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national broadcaster

RTÉ plans to introduce an organisation-wide 'conflict of interest' form for staff

Management is discussing what the salary threshold should be for automatic disclosure of a register of interests.

LAST UPDATE | 29 Aug 2023

RTÉ PLANS TO introduce an organisation-wide “conflict of interests” form to allow workers to raise concerns about any potential conflict they are concerned about with line management.

It will be the responsibility of line management to “address concerns speedily and appropriately”, according to a scoping document regarding potential registers of interest and external activities which has been shared with staff unions.

The register of interests is designed to ensure the disclosure of information by individuals where they are in a position to make decisions that could “materially influence” them or their immediate family.

RTÉ explains this could be on a one-off or recurring basis.

If there are no such issues, it said it is “good practice” to make a “nil return”, essentially confirming individuals have no concerns about their work and any conflict of interest.

The move comes as RTÉ grapples with the fallout from revelations earlier in the summer that it misreported the salary paid to star presenter Ryan Tubridy and failed to properly disclose €345,000 of payments to him between 2017 and 2022.

It was confirmed earlier this month that Tubridy would not be returning to his weekday radio show.

However the issue became a wider crisis for the national broadcaster amid further disclosures about RTÉ’s internal financial, accounting and governance practices and its expenditure on corporate hospitality for advertising clients.

While barter accounts are commonplace in the media industry, allowing organisations to exchange advertising airtime that would otherwise go unsold in return for goods and services from companies, RTÉ’s use has come under intense scrutiny.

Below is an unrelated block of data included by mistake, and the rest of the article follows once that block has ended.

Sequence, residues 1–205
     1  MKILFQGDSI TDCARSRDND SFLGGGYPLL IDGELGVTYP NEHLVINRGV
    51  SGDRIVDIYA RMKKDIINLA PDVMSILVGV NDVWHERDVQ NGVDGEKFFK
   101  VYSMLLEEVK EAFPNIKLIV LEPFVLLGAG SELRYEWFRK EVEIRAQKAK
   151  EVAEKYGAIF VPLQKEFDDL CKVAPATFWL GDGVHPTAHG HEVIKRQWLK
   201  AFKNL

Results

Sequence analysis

It emerged that the broadcaster paid €150,000 to Tubridy through one such barter account, as part of an undisclosed commercial arrangement with a sponsor.

RTÉ had also faced criticism for using barter transactions to spend hundreds of thousands of euros entertaining commercial clients, including on a trip to the 2019 Rugby World Cup in Japan.

Further contentious transactions included almost €5,000 on 200 pairs of flip-flops for a summer party for clients.

Today, RTÉ acknowledged that trust has been “damaged” by recent events, as it set out its justification for the registers.

“RTÉ content must be seen to be accurate, impartial, fair and independent of any vested interests, and we have extensive policies to deal with many issues, such as conflicts of interest,” the document states.

Under a heading about whether the information will be published, RTÉ said it is committed to operating in “as transparent a fashion as legally permitted” but individuals have rights under GDPR, the Ethics in Public Office Act and the Freedom of Information Act.

It also notes that there is a High Court action being taken by the HSE against the Information Commissioner over a decision relating to disclosing whether a person’s name is on a register of interests.

‘Rebuild confidence’

Minister for Media Catherine Martin said it was “not appropriate” for her to comment on the operational measures of the broadcaster.